The Mechanics of Monetary Policy

(cc photo by LateNightTaskForce)

I almost want to encourage people not to read Felix Salmon’s excellent post explaining the mechanics of quantitative easing because the truth (you print money and give it directly to big banks) is ugly and would probably undermine support for a measure that I think would be useful. But instead what I’ll observe is that one of the biggest differences between “quantitative easing” and old fashioned regular easing is precisely that by convention journalists never explain how regular monetary policy works. What you hear is that the Fed decided to “cut interest rates.” But there’s not an interest rate switch behind Ben Bernanke’s desk that he flips toward cut.

Instead what happens is something very much like what Salmon describes in the QE scenario. The Fed decides that it wants short-term rates to fall and then takes the specific action of buying short-term bonds from major securities dealers. With QE2 all that’s changing is that they’re going after slightly longer-term bonds.

The only real difference here is a difference in degree. But the press tends to describe it as a difference in kind, contrasting “interest rate cuts” from “bond purchases” but in both cases you’re buying (or selling) bonds in order to cut (or raise) interest rates. Like it or not, this is how we conduct monetary policy in the United States and nothing about going bigger or smaller with quantitative easing is going to change that.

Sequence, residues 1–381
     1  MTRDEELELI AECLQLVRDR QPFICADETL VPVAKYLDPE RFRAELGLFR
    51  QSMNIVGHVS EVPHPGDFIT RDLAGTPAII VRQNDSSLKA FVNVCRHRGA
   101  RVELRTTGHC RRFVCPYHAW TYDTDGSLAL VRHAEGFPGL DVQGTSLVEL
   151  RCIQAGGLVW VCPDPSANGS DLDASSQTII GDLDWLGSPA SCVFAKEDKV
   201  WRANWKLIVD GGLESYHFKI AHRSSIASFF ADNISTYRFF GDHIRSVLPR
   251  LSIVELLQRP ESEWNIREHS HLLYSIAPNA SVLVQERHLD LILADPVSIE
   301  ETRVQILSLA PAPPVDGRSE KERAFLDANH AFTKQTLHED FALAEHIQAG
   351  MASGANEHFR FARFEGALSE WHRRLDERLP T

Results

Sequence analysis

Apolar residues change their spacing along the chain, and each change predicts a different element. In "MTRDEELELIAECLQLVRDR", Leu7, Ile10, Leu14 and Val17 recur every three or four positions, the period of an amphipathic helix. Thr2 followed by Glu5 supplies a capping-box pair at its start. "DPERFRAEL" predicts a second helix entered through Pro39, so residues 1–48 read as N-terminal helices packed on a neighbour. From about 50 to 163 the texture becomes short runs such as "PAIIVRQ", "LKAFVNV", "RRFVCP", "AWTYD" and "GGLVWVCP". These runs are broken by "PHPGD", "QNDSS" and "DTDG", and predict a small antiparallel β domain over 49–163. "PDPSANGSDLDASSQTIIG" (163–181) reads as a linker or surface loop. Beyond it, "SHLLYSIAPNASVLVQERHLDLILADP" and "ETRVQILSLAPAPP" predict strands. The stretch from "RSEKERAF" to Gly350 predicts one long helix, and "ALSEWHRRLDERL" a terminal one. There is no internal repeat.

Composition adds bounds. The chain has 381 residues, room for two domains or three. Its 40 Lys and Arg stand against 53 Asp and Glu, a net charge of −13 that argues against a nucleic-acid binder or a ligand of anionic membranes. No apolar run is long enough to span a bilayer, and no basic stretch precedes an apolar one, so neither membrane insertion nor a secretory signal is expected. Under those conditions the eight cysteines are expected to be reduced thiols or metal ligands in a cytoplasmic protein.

As it happens, I don’t like that idea a huge amount at this point. I think what we should be looking to do is to give the money directly to households. Instead of creating money and using it to buy $600 billion in bonds, create money and use it to send $2,000 to each American. That’s an approach that would be superior from a humanitarian standpoint even if it didn’t ultimately produce macroeconomic gains, and it would also have more political legitimacy.

Alternatively, if you want to talk about something that does look to me to be a useless giveaway to banks, consider the Fed’s habit of paying interest on “excess reserves.” This is counterproductive to the Fed’s goal of injecting more money into the economy (since reserves held at the Fed are not in the economy) but it’s a way of delivering extra profits to banks as a way of covertly recapitalizing them.